Amid the economic and social disruption being caused by the coronavirus (COVID-19) outbreak, the Charity Commission has helpfully produced some guidance to assist trustees with good charity governance during these uncertain times.
The guidance has focused on the following issues.
Postponement of key meetings and use of technology to replace face-to-face meetings
Given the measures introduced by the government, many charities have had to postpone key meetings. As a matter of good governance, trustees should make a record of their decision to postpone. Finalised annual reports and accounts are still expected to be filed on time, however, where this not possible due to the cancellation or postponement of AGMs, trustees should contact the Charity Commission to seek further advice.
Trustees should consult their governing documents to check whether meetings held on technological platforms are valid or not. In the event the governing documents do not permit such meetings, the Charity Commission has taken a view that they will ‘understand’ instances whereby trustees have had to use digital solutions. Nonetheless, the trustees’ decision to hold a meeting this way should be recorded.
Use of reserve and restricted funds to get through the COVID-19 crisis
Trustees should consider what their short, medium and longer term priorities are, and see if they need to amend their financial planning given their current situation. Charity expenditure, where possible, should be cut back to only essential spending. ‘Reserves’ can be spent to help cope with the current COVID-19 crisis but careful attention should be paid to restricted funds.
Charities should identify which funds have limits on their usage, where these limits have been imposed for internal purposes they could be re-prioritised. However, if the funds are ‘restricted funds,’ then they may only be used for their particular and defined purpose. In some instances there may be ways to amend restrictions, but accessing or releasing restricted funds should only be considered as a last resort. Prior to releasing restricted funds, the Charity Commission urges trustees to consider the long term impacts of making such a decision on the charity’s finances and its donor relationships. Professional advice should also be sought by charities wishing to amend any restricted funding.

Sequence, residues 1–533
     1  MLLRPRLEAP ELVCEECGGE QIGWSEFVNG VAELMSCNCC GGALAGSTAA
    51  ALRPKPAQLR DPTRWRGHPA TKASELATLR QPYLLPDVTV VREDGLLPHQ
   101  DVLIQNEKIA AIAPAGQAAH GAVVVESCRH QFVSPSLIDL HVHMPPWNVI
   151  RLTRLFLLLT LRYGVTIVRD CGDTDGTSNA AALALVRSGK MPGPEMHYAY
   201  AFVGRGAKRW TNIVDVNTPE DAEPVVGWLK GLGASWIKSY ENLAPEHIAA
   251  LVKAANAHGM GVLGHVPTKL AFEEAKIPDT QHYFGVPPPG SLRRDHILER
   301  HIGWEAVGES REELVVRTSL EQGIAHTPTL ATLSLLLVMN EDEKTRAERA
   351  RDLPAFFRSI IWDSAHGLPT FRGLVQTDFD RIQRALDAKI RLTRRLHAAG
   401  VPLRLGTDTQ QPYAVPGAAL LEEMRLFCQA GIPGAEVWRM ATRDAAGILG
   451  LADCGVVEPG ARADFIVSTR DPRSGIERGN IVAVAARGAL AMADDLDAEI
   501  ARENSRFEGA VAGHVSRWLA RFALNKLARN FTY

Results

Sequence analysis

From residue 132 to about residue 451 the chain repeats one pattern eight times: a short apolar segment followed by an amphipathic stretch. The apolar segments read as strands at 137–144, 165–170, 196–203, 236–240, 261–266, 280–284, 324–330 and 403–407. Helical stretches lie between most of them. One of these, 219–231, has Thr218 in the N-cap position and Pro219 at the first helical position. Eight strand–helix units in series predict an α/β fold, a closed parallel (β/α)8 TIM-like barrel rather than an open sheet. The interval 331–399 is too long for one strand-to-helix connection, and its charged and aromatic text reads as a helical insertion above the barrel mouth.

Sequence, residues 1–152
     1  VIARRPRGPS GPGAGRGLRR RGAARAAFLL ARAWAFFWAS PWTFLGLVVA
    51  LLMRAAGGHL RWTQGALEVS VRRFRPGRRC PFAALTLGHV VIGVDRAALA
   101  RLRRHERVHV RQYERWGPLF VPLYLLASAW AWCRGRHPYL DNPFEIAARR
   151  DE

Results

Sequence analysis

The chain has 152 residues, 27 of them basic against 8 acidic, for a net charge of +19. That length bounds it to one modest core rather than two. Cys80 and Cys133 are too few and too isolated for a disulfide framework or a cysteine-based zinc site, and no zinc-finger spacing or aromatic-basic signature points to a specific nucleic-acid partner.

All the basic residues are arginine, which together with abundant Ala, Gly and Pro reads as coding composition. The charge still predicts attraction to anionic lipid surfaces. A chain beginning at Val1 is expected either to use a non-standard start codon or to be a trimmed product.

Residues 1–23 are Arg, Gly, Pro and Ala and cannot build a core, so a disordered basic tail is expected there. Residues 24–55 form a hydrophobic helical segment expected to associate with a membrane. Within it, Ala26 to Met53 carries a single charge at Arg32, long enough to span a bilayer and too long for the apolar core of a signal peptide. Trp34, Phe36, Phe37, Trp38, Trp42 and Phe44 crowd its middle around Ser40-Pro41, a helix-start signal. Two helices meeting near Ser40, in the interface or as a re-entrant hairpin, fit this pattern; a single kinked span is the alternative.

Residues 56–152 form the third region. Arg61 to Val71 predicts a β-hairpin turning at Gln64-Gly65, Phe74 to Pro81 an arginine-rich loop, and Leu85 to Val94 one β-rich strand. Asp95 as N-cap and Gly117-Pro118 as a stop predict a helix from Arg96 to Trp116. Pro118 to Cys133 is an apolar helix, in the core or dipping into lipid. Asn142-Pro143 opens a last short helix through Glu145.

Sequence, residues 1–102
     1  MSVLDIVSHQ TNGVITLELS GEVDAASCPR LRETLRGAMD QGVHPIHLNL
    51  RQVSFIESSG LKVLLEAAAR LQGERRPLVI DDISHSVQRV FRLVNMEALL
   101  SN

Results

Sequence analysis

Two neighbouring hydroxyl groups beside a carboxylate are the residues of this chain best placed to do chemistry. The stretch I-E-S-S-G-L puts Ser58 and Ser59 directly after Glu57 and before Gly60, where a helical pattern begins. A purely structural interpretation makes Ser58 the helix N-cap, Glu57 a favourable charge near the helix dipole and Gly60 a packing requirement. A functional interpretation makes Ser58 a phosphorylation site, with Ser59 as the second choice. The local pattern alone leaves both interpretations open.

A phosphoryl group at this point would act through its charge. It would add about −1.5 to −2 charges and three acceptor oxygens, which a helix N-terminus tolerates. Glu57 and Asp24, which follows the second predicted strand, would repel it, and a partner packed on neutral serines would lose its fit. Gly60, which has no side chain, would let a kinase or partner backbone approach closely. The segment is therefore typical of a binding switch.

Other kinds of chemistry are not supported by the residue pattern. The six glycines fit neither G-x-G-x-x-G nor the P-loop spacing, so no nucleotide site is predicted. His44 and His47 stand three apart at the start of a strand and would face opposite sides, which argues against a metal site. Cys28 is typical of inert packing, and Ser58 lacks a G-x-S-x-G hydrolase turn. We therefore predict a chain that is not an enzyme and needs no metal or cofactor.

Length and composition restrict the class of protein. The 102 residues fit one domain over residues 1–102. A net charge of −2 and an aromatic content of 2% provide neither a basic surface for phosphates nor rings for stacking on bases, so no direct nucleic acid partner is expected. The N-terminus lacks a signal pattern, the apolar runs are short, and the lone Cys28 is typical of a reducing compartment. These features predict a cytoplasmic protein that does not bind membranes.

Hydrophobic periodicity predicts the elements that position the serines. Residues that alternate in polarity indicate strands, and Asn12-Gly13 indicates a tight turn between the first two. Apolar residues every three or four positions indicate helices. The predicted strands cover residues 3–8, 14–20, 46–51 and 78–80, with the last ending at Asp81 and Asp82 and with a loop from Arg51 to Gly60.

Can your charity assist with the COVID-19 crisis?
In the first instance charities should consult their charitable objects. The Charity Commission has explicitly stated that charities with the objects of relief of poverty; hardship; distress and the elderly; or the advancement education or advancement in life of young people; and health will be in a position to offer COVID-19 crisis support. Trustees of charities with other objects may also be able to adapt and respond to COVID-19 either directly or indirectly, if for example it has general charitable purposes objects or objects that allow it to support the general benefit of a local area.
Charities should also consider if any of their existing charitable objects impose restrictions on their ability to act. If such restrictions exist, amendments to charitable objects may be possible through powers vested in the trustees or with the Charity Commission’s permission. The Commission has said that it will prioritise such amendments in response to the COVID-19 crisis.
When assessing whether or not to amend a charity’s governing documents, the following should be carefully considered:
(i) whether there are other charities that may be better placed to respond than yours and;
(ii) the wider and longer-term impacts if you use your charity’s money for purposes other than those for which it was raised.
What needs to be reported to the Charity Commission
Trustees are still expected to continue to report serious incidents using the current guidelines. Trustees are to use their judgment in deciding whether an incident is significant in the context of their charity and should be reported to the Charity Commission.
Support for paying staff
Charitable and non-profit employers are eligible for the HMRC grant to cover most of the wages of their workforce who remain on payroll but are temporarily not working during the COVID-19 outbreak.
Now more than ever, the Charity Commission appreciates that people will want to help others during the COVID-19 crisis. However, the Charity Commission has advised that it is critical that charities protect and safeguard their beneficiaries, volunteers and staff. As such, charities should review the safeguarding guidance to ensure they are well placed to do so.
David Scott, head of our Charities Group, welcomed the guidance. He said: “The Charity Commission’s choice to adopt a pragmatic approach to governance will help reduce some, but by no means all, of the pressure faced by charities in this incredibly difficult time. We look forward to further Commission guidance in the coming weeks and months.”